One MP stressed cyclists spend more than car-shoppers. Another said "designing out the car has to be consigned to history."

“We are all lazy” admits MP in retail debate, urging free car parking

In a long, well-attended debate in Parliament yesterday a bike shop was heaped with praise (Geddes Cycles of Liverpool) and the MP for Cambridge tried to get across the message that shoppers in cars don’t spend as much on the High Street as shoppers on foot or on bicycle. The debate was in response to the Mary Portas review of the High Street and was secured by Marcus Jones, the Tory MP for Nuneaton.

Here’s a much contracted selection of speeches from the debate, the full text for which is on Hansard.

Dr Andrew Murrison (South West Wiltshire) (Con): My hon. Friend eloquently lays out the reasons why many town centres are falling on hard times. Has he noted Mary Portas’s remarks about the motor car? In market towns, and in rural areas, a car is no luxury, and it is essential for the vibrancy of those towns that there is adequate parking. What does he feel about that and, in particular, Portas’s remarks about a league table for car parks?

Mr Jones: My hon. Friend makes an extremely sensible point. For far too long, we have not thought about the people who want to drive into our town centres and we have not considered the quality and availability of car parking. We have certainly not considered its cost, which I shall come to later. It is extremely prohibitive and is one reason why there is not a level playing field for our town centres in relation to their out-of-town competitors.

Dr Julian Huppert (Cambridge) (LibDem): I congratulate the hon. Gentleman on securing this important debate. Is he aware of a study by Transport for London showing that the average retail spend per month is £373 for people who walk to their high street but only £226 for those who take their car? Similar studies show that those who cycle or take the bus or train spend more than those who drive.

Mr Jones: My hon. Friend makes a reasonable suggestion, but there is a difference between travel in the London area and the situation in other regions of the UK. I can certainly say that far more people who shop in my local town centre in Nuneaton drive there than use local transport, so we have to be pragmatic.

Derek Twigg (Halton, Labour): A key factor in attracting people has been Halton borough council’s deliberate free car parking policy. It has also ensured that car parks were built. As other Members have said, it is nonsense to try to rule cars out of town centres; people want to use their cars and we should encourage them to do so, while of course improving public transport links to our town centres and high streets.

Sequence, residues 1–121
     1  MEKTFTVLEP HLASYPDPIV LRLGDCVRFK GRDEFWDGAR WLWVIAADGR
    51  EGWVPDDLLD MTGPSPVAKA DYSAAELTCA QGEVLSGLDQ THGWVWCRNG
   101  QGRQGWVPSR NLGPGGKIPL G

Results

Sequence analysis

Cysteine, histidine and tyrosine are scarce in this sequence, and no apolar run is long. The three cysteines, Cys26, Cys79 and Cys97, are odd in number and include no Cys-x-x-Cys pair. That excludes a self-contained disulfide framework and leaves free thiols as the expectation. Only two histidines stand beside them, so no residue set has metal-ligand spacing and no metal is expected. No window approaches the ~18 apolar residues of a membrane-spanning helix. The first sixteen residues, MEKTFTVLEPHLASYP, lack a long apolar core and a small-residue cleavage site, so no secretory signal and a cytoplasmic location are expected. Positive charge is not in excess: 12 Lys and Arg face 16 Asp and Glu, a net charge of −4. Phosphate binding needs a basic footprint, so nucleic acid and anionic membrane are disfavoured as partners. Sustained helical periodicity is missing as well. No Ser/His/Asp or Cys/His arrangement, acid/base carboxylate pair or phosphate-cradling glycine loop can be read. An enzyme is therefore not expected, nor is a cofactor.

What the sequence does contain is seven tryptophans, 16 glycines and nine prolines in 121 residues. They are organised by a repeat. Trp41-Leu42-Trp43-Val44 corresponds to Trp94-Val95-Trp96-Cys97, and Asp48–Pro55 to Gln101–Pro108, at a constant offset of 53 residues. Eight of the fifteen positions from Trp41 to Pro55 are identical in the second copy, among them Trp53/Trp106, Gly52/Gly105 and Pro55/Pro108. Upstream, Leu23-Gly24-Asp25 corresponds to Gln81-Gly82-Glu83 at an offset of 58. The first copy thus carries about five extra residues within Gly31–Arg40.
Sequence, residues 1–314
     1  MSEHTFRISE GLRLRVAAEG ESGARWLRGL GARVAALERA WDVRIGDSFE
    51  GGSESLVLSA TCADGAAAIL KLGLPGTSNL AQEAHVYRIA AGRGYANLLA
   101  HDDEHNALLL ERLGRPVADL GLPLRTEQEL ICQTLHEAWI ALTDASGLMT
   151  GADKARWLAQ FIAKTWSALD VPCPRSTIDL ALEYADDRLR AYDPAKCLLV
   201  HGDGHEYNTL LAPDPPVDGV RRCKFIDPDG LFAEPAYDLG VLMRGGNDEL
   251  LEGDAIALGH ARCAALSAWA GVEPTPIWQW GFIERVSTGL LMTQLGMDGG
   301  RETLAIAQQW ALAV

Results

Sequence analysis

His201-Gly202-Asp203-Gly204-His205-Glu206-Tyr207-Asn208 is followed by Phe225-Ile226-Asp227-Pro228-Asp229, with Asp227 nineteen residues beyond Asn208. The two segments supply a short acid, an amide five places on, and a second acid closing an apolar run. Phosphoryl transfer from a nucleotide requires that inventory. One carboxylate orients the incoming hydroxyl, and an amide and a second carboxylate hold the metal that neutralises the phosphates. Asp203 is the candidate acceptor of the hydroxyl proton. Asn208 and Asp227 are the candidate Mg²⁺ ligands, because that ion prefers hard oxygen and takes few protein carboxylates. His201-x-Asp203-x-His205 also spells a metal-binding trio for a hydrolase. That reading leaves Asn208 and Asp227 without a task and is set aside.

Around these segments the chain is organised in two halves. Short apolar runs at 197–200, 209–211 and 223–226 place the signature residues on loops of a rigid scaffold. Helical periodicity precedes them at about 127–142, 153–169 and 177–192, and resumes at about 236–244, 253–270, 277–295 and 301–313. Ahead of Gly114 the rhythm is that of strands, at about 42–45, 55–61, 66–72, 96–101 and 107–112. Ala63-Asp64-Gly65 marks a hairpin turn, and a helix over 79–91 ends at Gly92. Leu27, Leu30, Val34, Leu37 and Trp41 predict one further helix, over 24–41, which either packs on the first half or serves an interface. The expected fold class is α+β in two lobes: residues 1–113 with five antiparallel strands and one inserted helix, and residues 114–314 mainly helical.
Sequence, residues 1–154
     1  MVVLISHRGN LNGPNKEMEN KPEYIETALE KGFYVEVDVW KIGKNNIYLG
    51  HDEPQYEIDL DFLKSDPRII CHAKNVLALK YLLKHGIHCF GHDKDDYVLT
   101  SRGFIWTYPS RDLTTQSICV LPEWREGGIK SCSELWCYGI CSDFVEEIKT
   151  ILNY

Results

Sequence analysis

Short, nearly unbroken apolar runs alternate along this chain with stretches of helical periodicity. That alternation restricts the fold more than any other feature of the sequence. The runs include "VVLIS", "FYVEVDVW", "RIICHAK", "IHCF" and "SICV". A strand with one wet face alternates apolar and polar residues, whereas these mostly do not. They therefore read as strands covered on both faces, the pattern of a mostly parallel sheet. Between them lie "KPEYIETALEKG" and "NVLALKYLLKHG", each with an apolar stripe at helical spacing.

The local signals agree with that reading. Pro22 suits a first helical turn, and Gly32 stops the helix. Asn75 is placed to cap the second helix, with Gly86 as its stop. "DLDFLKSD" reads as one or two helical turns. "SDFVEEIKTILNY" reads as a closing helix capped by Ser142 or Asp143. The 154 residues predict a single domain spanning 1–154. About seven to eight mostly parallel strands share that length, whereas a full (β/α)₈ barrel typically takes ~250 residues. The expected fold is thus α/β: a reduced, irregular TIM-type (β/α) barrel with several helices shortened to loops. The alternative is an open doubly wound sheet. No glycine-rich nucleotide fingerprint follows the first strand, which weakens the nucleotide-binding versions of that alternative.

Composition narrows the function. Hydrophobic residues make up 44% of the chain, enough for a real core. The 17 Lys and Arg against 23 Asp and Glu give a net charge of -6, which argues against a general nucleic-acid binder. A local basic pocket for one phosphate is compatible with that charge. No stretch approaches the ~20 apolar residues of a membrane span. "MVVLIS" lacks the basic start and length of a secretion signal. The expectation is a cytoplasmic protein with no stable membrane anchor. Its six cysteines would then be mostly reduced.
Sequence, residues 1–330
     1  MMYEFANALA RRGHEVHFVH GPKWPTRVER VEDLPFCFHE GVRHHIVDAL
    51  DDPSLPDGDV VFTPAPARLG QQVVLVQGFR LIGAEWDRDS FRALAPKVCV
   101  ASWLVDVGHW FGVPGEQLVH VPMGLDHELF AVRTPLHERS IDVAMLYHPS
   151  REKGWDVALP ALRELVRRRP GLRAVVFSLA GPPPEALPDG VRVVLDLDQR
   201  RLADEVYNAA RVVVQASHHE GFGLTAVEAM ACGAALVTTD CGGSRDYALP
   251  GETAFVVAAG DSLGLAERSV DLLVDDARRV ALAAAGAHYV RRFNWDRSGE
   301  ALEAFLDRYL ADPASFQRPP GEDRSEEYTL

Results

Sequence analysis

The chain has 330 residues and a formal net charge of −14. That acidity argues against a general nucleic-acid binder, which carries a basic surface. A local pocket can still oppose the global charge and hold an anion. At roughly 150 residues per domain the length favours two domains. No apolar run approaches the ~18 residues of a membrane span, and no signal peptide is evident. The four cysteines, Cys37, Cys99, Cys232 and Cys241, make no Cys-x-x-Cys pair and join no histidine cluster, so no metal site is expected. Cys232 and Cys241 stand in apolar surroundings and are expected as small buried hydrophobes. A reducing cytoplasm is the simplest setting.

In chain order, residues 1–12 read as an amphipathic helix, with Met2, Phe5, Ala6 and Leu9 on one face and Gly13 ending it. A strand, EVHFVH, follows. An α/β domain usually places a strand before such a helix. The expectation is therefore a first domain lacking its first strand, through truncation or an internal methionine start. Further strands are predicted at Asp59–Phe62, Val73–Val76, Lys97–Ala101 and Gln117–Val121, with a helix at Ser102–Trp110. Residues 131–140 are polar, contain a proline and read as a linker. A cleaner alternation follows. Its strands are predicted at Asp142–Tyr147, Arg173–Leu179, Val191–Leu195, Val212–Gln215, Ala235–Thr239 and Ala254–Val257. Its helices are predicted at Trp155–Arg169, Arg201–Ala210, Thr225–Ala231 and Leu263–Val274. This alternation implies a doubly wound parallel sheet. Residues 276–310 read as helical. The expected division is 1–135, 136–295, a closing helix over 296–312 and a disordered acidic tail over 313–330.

In Widnes, there has been some impact on local retailers and a number of the older businesses that were there when I was growing up are there no longer, although Geddes bicycle shop still provides the same excellent service for the community. However, other shops have been set up in the town centre to serve niche markets and that is an important factor.

Gary Streeter (South West Devon, Cons): I wish to mention car parking. I have been through 20 or 30 years of town planners, architects and academics telling us that we need to build sustainable communities with the car designed out of them. I am sorry, but it has not worked. Whether it is right or wrong, the people of this country have chosen the car. It is essential to provide space for car parking in the regeneration of our town centres and high streets, and for that parking to be either free, very reasonably priced, or free for a certain period. We are all lazy.

I also support “pop and shop” schemes whereby people can park outside a shop for a few moments even in a pedestrianised or semi-pedestrianised area, to pick up their dry cleaning, get cash out of the bank, buy the grandchildren an ice cream or whatever. I am afraid that the idea of designing out the car is now old-fashioned and has to be consigned to the dustbin of history. Car parking must be at the heart of what happens.

Dr Julian Huppert: I have been fascinated by the comments made about the need for more cars. There is lots of evidence that improving the walking environment increases retail footfall by 30 percent, as a study in Exeter has found. People who walk in shopping areas and cycle there or take the bus and train spend more money because they have access. We have to promote sustainable travel. I call on Ministers to look at how we can empower our local communities and give them the powers they need to ensure that we have vibrant centres.

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